Lake Manyara, which is rich in sodium, shimmers white in the sun due to its salt deposits on the edge. Seasonally it is surrounded by thousands of flamingos with a pink hem. Then the shore looks as if it is lined with a white-pink band for miles. In this soda lake both the Great Flamingo and the Lesser Flamingo are represented, with the Lesser Flamingo being the predominant species. The water contains secondary sodium carbonate and thus offers ideal growth conditions for blue-green algae (=Spirulina platensis), on which the Lesser Flamingo feeds. It filters them out of the water with the help of its lamellar beak. The algae contain colour pigments (e.g. carotene) which colour the plumage of the lesser flamingo pink. In contrast, the great flamingos feed on tiny crustaceans, which they filter out of the mud of the sea floor with their beaks. Because of these two different diets, the two flamingo species are not food competitors.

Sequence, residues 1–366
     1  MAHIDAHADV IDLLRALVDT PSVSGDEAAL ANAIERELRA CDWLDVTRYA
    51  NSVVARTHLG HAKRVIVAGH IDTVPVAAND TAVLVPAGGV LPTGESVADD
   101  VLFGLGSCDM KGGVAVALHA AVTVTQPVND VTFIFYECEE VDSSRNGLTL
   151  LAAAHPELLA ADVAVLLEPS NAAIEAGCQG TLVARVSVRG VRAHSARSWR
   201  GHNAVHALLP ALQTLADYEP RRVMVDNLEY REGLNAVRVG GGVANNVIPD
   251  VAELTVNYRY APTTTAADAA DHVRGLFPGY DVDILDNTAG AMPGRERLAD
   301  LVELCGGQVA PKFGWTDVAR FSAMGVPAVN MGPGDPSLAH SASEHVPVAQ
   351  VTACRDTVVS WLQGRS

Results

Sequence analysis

The grassy area is divided by the Mto Wa Mbu river, which is home to many hippos. They search for cooling in the shallow water of this freshwater river. Accordingly, this area in Manyara Park is also called Hippo Pool. The area around the Hippo Pool makes photographers’ hearts beat faster, because here you can find the snorting hippos and the most amazing water birds: small fluffy-looking little divers swim next to white pelicans and red pelicans, which hunt fish in formations in the shallow water. The pelicans drive the fish towards each other and at the same time dip their bulbous beaks in. More fish can be caught in teamwork. The white pelican is larger than the red pelican. Cormorants and darters croak and spread their wings to dry. The white herons are very easy to distinguish: The largest is the Great White Egret, the Middle Egret has a yellow bill, the Little Egret has yellow feet. Cattle egrets are the smallest herons (only about 50 cm tall!); they are not bound to waters and are almost always together in larger groups. They like to be carried around on the back of large animals (e.g. buffalos). They feed on the skin parasites of grazing animals and on the insects that are flushed out during grazing. If sufficient water holes and swamp areas have been preserved around the lake since the last rainy season, you can also admire the rusty brown Goliath Heron as the largest African heron. The largest stork in the same habitat is the brightly coloured Saddle Stork. Saddle storks also prefer the proximity of water where they seek their food. You can tell by its plucked breast feathers that the birds take turns in breeding. Long-legged storks can almost always be seen at the Hippo Pool, they are even quite common here. They wade with their long legs through the shallow water looking for fish, frogs and water insects. Because of their yellow beak the English call them “Yellow Billed Stork”. At its huge nest and of course especially because of the characteristic hammer shape of its head feathers, the hammerhead bird is easy to identify.